Spectrum Magazine, Meet Controversy

At a time when it really needed one, IEEE Spectrum had a visionary leader named J.J.G. McCue

7 min read
Spectrum Magazine, Meet Controversy

Lofty Ambitions: IEEE Spectrum's third editor, J.J.G. "Jerry" McCue, loved a challenge. An avid hiker and mountain climber, he vacationed at Spray Lake, in Alberta, Canada, in 1952.

Photo: Willis Henry Auctions

Editor's note: In this 50th anniversary year of IEEE Spectrum, we are using each month's Spectral Lines column to describe some pivotal moments of the magazine's history. Here we describe the surprising and eventful tenure of the magazine's third editor, J.J.G. McCue.

At the tender age of 5, IEEE Spectrum had its first identity crisis, and it was a doozy. The year was 1969, and the United States was racked by intense social and political upheaval. The war in Vietnam was prompting huge demonstrations, and as that tumult inevitably seeped into the offices of Spectrum, the magazine was soon forced to decide whether it was going to incorporate timely journalism or be another academic journal, disconnected from the important issues of the day.

By shoving the young magazine firmly toward journalism, one extraordinary man precipitated the fledgling magazine's crisis—and bestowed on the publication one of the greatest favors it would ever receive. He was Spectrum's third editor, and his name was J.J.G. “Jerry" McCue.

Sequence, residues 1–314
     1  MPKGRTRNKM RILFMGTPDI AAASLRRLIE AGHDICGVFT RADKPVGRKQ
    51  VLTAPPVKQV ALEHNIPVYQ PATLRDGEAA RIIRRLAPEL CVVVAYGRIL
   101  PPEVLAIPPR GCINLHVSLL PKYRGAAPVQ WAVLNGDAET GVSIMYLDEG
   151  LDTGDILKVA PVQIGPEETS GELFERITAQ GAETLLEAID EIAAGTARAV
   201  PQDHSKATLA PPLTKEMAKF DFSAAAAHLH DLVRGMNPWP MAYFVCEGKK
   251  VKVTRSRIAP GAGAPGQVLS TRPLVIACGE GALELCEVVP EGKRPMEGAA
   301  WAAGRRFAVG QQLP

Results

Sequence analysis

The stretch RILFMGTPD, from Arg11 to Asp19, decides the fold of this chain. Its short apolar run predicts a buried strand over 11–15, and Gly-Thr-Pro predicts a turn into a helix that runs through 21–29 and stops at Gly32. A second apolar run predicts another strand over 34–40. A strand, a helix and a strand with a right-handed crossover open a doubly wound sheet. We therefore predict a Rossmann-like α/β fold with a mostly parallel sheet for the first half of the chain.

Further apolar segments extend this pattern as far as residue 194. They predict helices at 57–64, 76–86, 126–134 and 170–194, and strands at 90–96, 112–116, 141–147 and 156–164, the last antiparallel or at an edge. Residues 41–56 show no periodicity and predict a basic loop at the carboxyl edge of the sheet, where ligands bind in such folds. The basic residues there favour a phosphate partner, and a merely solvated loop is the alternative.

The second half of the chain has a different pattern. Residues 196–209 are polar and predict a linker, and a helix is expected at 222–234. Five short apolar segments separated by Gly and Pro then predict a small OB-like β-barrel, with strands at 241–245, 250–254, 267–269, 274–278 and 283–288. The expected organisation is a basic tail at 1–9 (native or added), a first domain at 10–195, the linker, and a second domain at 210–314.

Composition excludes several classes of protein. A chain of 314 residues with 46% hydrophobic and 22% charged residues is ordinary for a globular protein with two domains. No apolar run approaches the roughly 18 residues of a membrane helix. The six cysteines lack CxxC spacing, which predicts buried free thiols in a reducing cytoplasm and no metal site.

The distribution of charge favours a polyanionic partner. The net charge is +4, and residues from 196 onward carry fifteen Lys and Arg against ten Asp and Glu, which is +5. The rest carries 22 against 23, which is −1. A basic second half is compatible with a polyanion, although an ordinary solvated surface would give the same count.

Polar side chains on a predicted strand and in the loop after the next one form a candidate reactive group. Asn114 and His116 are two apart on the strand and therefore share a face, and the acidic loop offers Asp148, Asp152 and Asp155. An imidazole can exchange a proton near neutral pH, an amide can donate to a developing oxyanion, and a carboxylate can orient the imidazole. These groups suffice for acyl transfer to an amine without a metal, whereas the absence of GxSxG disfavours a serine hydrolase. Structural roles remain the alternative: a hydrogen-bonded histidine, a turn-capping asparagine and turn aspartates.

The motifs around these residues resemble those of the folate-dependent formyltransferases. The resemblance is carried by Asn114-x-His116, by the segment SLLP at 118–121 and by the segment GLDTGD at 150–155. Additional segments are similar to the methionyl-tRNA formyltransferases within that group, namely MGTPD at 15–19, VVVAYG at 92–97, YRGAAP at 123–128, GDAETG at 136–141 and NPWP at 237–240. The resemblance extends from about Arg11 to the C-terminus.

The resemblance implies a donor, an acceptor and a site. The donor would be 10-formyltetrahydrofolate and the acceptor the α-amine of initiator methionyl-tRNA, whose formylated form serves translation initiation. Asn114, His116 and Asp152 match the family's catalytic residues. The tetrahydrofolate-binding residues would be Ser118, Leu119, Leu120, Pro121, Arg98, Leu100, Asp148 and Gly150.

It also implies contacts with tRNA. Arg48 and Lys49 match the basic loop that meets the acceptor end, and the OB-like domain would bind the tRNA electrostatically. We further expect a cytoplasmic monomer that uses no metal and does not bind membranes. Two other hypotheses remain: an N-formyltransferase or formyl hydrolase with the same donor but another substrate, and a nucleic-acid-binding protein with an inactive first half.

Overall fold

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From WinZips to Cat GIFs, Jacob Ziv’s Algorithms Have Powered Decades of Compression

The lossless-compression pioneer received the 2021 IEEE Medal of Honor

11 min read
Photo of Jacob Ziv
Photo: Rami Shlush

Lossless data compression seems a bit like a magic trick. Its cousin, lossy compression, is easier to comprehend. Lossy algorithms are used to get music into the popular MP3 format and turn a digital image into a standard JPEG file. They do this by selectively removing bits, taking what scientists know about the way we see and hear to determine which bits we'd least miss. But no one can make the case that the resulting file is a perfect replica of the original.

Not so with lossless data compression. Bits do disappear, making the data file dramatically smaller and thus easier to store and transmit. The important difference is that the bits reappear on command. It's as if the bits are rabbits in a magician's act, disappearing and then reappearing from inside a hat at the wave of a wand.

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